Statement from The Creative Coalition on Appropriations Committee Approval of FY18 funding for the National Endowment for the Arts
Washington, DC (July 19, 2017) — Last night the House Appropriations Committee took another important step in rejecting proposals to eliminate federal funding for the National Endowment for the Arts (NEA). The full House Appropriations Committee approved the Fiscal Year 2018 Interior Appropriations bill, which calls for the NEA to be funded at $145 million. This represents a cut of $5 million for current funding levels. The measure is expected to be considered by the full House of Representatives in the coming weeks.
In the report that accompanied the legislation, the Appropriations Committee singled out the broad bipartisan support for the NEA’s work with our nation’s wounded warriors. The Creative Coalition was privileged to witness firsthand the impressive arts therapy work during the organization’s visit to Walter Reed National Military Medical Center earlier this year.
“We are pleased that the House of Representatives continues to show support for the NEA by rejecting calls to eliminate its federal funding,” said Robin Bronk, CEO of The Creative Coalition. “It is encouraging that the Committee recognized the benefits of the NEA and the important role arts play in helping members of the armed services when they return home from the battlefield. As the bill moves through the legislative process, we urge Congress to provide additional funding and reverse cuts to the NEA.”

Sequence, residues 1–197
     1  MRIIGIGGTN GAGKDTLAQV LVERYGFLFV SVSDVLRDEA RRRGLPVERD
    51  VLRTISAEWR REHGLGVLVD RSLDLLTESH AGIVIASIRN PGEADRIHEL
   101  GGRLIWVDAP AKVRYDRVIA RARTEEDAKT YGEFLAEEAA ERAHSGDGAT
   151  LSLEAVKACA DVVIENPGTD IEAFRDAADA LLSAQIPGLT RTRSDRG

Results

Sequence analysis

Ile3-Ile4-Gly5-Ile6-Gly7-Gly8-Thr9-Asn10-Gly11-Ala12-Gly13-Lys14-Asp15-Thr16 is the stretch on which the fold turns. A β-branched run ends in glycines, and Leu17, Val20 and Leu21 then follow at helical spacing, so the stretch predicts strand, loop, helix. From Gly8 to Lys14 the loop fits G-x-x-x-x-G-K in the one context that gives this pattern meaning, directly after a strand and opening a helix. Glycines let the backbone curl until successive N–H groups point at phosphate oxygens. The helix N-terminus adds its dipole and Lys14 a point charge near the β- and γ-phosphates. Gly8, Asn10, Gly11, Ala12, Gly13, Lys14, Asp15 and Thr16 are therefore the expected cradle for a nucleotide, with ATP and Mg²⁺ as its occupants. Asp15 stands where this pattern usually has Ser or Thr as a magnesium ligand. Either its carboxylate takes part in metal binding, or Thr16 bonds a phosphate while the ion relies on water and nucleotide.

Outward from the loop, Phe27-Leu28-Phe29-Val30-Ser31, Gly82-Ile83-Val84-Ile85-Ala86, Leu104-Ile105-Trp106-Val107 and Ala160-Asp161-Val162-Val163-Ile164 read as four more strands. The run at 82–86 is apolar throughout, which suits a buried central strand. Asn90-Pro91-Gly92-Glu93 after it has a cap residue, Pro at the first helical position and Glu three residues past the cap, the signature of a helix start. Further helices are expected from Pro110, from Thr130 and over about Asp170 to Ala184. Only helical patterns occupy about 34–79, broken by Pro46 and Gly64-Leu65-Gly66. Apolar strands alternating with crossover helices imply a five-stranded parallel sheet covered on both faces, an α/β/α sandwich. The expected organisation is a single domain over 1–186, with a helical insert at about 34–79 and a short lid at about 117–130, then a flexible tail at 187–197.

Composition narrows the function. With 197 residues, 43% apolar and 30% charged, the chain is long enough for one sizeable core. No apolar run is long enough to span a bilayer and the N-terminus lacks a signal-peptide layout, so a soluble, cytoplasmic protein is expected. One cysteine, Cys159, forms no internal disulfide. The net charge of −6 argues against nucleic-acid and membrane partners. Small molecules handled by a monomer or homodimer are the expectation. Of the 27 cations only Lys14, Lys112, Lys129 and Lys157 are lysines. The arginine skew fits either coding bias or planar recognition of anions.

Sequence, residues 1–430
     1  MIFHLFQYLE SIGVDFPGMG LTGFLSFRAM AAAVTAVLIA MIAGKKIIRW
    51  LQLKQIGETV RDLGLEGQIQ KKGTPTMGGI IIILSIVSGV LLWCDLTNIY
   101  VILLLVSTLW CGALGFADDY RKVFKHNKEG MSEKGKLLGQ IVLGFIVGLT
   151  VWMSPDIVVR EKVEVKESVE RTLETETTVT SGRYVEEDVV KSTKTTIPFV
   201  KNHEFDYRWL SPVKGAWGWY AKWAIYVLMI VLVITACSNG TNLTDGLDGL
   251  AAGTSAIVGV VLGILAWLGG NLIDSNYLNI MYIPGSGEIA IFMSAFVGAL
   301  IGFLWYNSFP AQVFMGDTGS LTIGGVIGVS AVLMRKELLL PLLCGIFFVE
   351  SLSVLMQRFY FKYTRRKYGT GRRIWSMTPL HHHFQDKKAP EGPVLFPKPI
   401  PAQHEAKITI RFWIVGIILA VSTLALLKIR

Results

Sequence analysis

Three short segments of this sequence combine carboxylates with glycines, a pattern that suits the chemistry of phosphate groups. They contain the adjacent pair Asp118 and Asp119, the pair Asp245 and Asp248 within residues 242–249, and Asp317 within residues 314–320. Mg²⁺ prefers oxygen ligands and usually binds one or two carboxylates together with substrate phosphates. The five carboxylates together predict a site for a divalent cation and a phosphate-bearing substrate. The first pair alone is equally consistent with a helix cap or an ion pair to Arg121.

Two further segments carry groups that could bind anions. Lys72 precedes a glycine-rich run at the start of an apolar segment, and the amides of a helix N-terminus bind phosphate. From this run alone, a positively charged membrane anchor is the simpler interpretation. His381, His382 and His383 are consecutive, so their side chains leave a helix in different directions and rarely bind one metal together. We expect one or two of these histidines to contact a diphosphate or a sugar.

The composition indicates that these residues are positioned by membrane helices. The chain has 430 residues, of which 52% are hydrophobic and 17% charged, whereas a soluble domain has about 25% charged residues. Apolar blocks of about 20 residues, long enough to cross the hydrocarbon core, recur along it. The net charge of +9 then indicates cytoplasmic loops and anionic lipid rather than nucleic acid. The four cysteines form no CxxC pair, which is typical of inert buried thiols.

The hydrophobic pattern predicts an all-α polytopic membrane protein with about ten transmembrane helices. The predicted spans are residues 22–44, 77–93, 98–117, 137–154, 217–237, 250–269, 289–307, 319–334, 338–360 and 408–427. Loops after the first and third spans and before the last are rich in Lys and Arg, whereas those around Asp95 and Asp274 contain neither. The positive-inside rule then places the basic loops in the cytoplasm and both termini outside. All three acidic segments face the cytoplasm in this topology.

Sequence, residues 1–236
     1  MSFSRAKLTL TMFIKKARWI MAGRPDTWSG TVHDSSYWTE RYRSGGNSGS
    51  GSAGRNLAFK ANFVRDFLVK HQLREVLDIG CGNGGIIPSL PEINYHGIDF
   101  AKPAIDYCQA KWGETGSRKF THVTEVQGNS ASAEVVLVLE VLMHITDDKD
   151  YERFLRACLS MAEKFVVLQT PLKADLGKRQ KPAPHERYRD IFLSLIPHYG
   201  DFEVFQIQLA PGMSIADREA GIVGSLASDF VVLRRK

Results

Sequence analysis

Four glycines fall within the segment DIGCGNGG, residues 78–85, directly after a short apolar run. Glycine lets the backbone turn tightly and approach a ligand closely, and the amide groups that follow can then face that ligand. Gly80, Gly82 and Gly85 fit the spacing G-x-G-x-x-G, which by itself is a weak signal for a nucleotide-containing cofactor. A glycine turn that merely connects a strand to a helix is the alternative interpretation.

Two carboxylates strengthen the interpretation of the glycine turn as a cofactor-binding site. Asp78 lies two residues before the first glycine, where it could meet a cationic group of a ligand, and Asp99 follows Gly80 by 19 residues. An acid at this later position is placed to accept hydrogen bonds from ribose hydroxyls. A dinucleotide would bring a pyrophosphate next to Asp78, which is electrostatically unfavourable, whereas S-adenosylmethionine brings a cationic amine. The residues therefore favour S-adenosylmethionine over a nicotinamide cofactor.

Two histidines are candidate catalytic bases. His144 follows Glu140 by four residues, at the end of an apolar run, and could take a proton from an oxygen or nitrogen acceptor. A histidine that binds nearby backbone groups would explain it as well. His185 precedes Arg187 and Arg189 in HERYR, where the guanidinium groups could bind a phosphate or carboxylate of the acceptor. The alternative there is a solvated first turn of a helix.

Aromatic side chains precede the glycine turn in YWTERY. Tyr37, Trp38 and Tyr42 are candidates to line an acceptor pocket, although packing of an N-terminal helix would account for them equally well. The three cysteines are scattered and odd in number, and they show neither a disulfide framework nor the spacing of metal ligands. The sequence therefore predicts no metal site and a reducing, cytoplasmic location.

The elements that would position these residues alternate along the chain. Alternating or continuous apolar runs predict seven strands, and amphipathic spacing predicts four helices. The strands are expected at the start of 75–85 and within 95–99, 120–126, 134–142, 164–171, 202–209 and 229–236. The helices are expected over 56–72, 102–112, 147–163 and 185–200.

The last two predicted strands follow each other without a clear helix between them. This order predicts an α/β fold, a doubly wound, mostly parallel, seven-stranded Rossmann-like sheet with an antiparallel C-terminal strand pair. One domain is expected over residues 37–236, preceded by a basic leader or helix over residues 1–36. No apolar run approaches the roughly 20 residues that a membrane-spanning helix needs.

“We are thankful that Congress has once again rejected calls for eliminating funding for the NEA,” added Tim Daly, President of The Creative Coalition. “The NEA is a smart investment that benefits everyone from school children to veterans. As this spending bill moves through Congress, I call on our nation’s policy makers to stand up for the #RightToBearArts for all Americans. I encourage the House to build upon its initial support by increasing NEA funding back to its current level and ask the Senate to include full funding of $150 million in its version of the legislation.”